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$12,500 to spend. EMS Synthi A vs Modular
MUFF WIGGLER Forum Index -> Modular Synth General Discussion Goto page Previous  1, 2, 3, 4  Next [all]
Author $12,500 to spend. EMS Synthi A vs Modular
BTByrd
I'd pay $12,000 for a Synthi 100.
B-ry
For what it’s worth.....


I think it is important to work within your means and also to follow the form factor and workflow that inspires you. EMS stuff is exxxxxpensive for sure. The other side of that coin is that the values will keep rising. They are rare, sound unique and (IMHO) cannot truly be replicated. If you look at it from an investment viewpoint it can be a win (so long as you are. It going to compromise your current quality of life to purchase).
raylinds
A friend has a Synthi and it is great sounding, but it is in the shop fairly frequently. You could make a great modular for that kind of money.
ersatzplanet
Since this post is a year old, I wonder what the original poster ended up buying?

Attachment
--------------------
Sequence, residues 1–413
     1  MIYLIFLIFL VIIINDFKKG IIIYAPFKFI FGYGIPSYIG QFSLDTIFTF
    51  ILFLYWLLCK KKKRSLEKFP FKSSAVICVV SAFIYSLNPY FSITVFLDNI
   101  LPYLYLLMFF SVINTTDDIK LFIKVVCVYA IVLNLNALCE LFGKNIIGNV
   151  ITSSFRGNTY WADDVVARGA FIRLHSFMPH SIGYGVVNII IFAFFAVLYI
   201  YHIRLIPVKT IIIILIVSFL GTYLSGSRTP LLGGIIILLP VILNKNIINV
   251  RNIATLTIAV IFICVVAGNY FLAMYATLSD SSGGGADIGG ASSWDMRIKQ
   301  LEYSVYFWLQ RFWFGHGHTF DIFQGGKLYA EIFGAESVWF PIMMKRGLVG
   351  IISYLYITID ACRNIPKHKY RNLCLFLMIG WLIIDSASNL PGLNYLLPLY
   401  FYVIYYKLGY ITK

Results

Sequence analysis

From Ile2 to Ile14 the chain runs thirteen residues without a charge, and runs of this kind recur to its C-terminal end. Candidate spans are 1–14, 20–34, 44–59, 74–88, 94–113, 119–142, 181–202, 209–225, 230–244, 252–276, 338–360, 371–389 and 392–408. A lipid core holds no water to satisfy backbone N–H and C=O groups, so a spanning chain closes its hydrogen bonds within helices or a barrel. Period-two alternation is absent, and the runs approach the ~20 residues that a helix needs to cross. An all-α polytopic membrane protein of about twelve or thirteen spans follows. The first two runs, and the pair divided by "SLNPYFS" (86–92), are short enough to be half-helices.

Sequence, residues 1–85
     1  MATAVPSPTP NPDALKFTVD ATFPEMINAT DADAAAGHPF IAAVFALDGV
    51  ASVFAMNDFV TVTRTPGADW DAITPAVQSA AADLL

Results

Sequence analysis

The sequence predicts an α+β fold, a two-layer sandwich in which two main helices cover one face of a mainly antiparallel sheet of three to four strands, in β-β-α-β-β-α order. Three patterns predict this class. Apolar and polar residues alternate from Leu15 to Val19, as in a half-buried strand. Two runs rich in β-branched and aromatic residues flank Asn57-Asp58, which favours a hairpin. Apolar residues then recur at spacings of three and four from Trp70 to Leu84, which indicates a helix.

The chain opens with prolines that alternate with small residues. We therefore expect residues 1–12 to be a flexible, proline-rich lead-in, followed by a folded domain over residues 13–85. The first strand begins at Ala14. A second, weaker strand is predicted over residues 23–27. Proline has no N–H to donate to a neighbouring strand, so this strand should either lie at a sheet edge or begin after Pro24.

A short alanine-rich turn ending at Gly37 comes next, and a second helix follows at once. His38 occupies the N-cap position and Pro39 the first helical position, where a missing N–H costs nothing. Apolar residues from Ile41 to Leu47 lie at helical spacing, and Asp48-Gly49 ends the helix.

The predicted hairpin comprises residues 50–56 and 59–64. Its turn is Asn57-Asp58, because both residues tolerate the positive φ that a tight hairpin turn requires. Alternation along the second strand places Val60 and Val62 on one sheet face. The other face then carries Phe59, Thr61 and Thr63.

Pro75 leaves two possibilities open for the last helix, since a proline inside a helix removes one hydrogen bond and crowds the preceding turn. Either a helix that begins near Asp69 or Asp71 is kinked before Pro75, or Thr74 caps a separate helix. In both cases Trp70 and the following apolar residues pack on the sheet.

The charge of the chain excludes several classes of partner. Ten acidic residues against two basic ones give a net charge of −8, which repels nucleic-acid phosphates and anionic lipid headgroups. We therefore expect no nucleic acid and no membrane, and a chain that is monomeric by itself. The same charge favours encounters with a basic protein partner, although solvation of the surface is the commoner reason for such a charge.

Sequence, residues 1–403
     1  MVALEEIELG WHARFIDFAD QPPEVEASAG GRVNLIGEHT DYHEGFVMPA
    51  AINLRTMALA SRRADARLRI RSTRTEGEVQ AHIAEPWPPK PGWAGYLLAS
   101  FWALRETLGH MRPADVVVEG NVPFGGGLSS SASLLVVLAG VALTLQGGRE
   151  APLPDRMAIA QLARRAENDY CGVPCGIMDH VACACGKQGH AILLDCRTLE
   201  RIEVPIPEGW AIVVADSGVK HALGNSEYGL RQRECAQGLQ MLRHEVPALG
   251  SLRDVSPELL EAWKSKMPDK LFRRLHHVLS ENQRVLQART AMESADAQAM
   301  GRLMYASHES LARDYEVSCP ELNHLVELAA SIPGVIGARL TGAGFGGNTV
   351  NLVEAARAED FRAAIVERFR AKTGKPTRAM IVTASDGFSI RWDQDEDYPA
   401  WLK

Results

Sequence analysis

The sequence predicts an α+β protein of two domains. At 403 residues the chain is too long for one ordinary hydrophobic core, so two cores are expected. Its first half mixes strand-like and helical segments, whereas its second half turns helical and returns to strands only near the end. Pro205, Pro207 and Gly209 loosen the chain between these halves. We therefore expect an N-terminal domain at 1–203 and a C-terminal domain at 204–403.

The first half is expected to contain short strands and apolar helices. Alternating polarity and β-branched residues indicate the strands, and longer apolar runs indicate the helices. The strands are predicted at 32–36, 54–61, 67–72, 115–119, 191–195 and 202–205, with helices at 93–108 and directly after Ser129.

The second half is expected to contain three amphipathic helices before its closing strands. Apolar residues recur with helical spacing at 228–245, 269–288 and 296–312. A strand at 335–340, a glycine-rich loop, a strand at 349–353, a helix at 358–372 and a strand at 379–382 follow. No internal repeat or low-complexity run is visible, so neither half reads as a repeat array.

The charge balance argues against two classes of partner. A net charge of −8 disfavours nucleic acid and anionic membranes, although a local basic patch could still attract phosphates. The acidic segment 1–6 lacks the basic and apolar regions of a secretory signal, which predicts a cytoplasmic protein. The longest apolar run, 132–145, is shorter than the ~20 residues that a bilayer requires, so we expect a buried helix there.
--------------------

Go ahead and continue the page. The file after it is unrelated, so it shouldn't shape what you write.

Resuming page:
wackelpeter
ersatzplanet wrote:
Since this post is a year old, I wonder what the original poster ended up buying?


stopped making synth music and bought a guitar and a drum kit... wink
woVERTICES
I have a Pin Electronics Portabella and I love it...the random voltage generator combined w/the joystick is a potent sonic combo. I actually prefer it to my brother's aged EMS Synthi AKS, but that's certainly a matter of personal taste.
Best,
John
www.johnjpotter.com
joesdeals
Yes long time I have posted in this thread of mine.

I did end up buying a full eurorack modular solution.

I will wait on the Synthi until I got the balls to take the plunge at getting one. I think there is a lot of risk involved with a synth so old. I would have to try and test in person .

Got some great synths as well like the OB-6, Rev 2 Prophet, Arturia Matrix Brute. Moog Sub 37.

And about $7,000 in modules / pedals.
ersatzplanet
joesdeals wrote:
Yes long time I have posted in this thread of mine.